Admin. (2013, July 1). Blanding’s Turtle Blues. Retrieved from https://www.rideauwildlife.org/blandings-turtle-blues/.

Alamenciak, T. Sherman, J. (n.d.). Endangered Ontario: The turtle that toppled turbines. Retrieved from https://www.tvo.org/article/endangered-ontario-the-turtle-that-toppled-turbines.

Blanding’s turtle. (n.d.). Retrieved from http://www.natureconservancy.ca/en/what-we-do/resource-centre/featured-species/reptiles-and-amphibians/blandings-turtle.html.

Blanding’s Turtle: Species Information. (n.d.). Retrieved from https://ontarionature.org/programs/citizen-science/reptile-amphibian-atlas/blandings-turtle/.

Climate Change Canada. (2018, December 21). Government of Canada. Retrieved from https://www.canada.ca/en/environment-climate-change/services/species-risk-public-registry/recovery-strategies/blandings-turtle-2018.html.

Earth Rangers. (2016, November 3). Blanding’s Turtle Update: Getting a Helping Hand: Earth Rangers Wild Wire Blog. Retrieved from https://www.earthrangers.com/wildwire/take-action/blandings-turtle-update-getting-a-helping-hand/.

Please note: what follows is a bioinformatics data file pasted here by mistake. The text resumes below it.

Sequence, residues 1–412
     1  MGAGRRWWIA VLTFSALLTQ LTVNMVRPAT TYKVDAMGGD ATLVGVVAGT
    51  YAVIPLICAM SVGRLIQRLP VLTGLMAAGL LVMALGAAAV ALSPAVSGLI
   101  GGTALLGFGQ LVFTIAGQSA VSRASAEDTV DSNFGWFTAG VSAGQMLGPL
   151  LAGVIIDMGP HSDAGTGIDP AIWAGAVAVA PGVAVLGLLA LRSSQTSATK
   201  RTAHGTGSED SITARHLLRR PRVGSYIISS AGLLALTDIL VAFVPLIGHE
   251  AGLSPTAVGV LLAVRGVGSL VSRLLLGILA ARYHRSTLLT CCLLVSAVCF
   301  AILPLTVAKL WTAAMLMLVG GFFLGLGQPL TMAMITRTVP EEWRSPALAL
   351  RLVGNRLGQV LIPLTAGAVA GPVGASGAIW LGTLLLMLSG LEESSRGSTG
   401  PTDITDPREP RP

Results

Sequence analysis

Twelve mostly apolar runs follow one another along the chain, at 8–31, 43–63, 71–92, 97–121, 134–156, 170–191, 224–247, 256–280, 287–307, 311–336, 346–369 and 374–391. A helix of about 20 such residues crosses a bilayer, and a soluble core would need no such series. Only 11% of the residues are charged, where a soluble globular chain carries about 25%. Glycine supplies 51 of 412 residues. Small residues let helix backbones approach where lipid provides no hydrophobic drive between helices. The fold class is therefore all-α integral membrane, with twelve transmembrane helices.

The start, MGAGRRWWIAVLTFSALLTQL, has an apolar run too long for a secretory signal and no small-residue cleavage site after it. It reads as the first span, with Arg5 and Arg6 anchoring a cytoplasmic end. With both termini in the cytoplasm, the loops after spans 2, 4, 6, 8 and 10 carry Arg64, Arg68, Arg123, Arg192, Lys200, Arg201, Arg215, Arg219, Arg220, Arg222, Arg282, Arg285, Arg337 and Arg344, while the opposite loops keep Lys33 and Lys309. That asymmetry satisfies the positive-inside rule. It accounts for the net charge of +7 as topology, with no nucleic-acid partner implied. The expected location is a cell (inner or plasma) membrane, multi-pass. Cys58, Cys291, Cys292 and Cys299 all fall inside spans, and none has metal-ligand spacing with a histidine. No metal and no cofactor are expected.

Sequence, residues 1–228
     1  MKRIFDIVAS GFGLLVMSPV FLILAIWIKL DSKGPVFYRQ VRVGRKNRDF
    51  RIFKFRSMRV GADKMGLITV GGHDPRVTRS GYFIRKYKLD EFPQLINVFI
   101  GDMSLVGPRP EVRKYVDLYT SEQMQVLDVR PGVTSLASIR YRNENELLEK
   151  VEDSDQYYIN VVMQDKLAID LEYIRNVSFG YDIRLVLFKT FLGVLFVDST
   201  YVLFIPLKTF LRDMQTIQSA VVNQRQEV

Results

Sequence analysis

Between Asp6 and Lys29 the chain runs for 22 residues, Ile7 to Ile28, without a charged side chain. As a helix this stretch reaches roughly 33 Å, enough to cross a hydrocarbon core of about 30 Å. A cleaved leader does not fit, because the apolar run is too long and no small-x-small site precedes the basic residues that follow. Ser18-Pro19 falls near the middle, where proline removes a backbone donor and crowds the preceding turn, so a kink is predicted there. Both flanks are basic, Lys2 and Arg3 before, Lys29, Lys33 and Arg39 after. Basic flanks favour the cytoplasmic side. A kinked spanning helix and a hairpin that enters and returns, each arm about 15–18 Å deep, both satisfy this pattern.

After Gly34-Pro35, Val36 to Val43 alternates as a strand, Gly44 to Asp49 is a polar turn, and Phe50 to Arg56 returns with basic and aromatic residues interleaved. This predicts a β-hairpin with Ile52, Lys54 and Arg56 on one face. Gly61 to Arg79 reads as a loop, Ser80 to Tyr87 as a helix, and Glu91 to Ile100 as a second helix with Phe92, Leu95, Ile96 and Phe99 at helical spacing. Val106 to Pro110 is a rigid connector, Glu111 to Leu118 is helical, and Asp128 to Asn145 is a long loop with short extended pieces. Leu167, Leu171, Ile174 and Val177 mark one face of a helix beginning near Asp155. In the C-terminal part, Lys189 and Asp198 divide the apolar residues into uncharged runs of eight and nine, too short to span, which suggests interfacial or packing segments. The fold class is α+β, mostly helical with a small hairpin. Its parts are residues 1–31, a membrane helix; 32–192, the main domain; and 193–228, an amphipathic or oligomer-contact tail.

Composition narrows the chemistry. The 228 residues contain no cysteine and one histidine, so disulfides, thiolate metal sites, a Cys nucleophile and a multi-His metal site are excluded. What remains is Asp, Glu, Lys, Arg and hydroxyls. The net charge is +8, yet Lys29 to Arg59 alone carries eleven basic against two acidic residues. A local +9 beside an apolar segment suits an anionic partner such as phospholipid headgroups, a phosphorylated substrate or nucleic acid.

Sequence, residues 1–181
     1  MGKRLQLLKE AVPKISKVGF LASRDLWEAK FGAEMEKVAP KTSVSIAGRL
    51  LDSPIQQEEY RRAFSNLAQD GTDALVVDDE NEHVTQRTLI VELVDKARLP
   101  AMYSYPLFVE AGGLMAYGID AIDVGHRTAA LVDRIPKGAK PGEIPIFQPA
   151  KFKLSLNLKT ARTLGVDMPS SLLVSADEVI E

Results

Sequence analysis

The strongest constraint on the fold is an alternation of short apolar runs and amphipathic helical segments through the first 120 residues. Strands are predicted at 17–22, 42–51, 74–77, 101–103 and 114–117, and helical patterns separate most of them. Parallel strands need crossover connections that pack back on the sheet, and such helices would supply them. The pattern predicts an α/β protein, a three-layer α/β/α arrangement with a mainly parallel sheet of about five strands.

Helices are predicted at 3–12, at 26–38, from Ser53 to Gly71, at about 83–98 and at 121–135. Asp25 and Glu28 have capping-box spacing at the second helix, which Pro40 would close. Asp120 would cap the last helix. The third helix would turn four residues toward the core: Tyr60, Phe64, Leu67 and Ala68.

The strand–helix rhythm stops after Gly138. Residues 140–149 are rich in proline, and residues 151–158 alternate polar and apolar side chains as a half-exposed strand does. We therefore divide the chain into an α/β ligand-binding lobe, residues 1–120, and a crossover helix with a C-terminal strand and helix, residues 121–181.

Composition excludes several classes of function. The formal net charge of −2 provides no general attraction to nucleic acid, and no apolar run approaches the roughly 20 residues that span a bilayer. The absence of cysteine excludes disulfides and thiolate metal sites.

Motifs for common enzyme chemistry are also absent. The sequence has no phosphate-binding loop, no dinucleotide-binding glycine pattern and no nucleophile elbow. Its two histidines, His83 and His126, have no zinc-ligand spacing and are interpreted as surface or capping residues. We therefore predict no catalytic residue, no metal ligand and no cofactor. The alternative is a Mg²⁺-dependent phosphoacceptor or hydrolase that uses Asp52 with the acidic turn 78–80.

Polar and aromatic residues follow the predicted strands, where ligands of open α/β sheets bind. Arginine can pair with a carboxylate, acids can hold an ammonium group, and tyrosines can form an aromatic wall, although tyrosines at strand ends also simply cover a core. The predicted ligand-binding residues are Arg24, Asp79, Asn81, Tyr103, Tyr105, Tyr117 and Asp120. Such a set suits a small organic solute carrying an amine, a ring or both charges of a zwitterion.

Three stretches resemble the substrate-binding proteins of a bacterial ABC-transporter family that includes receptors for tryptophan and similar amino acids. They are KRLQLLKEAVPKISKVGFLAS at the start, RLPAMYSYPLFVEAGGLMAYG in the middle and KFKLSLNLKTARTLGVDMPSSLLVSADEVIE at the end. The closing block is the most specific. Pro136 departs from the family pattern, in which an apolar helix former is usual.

Earth Rangers. (2016, November 3). Blanding’s Turtle: Earth Rangers Wild Wire Blog. Retrieved from https://www.earthrangers.com/wildwire/take-action/blandings-turtle-2/.

Grey, E. (n.d.). Emydoidea blandingii (Blanding’s Turtle). Retrieved from https://animaldiversity.org/accounts/Emydoidea_blandingii/.

Blanding’s Turtle (511)

Blanding’s Turtle

Ashley Stewart

Fleming College

The Blanding’s Turtle, ​Emydoidea blandingii,​ a species that is endangered in some parts of Canada. These turtles often have tan or yellow markings although these may be absent or reduced in some turtles. This species is one of several endangered native turtles that people remove illegally from the wild for use as food or pets (Climate Change Canada, 2018). Additionally, the Blanding Turtle has intriguing breeding habits, reproduction cycles, and common threats that affect their lives.

(​Blanding’s turtle, n.d.) 
(Climate Change Canada, 2018)

Breeding Habits

In Canada, they can be found around the Great Lakes and the St. Lawrence River region of Ontario. “Blanding Turtles make the largest overland movement of any Ontario turtles, travelling up to several kilometres between summer habitats and nesting sites or overwintering habitats” (Blanding’s Turtle: Species Information. n.d.). They are in small isolated populations occurring in Quebec and Nova Scotia. Blanding’s turtles like to hang around wetlands such as marshes and bogs. They will inhabit shallow lakes, ponds and wetlands when finding a place to stay. These turtles will go more to clean bodies of water with mucky bottoms.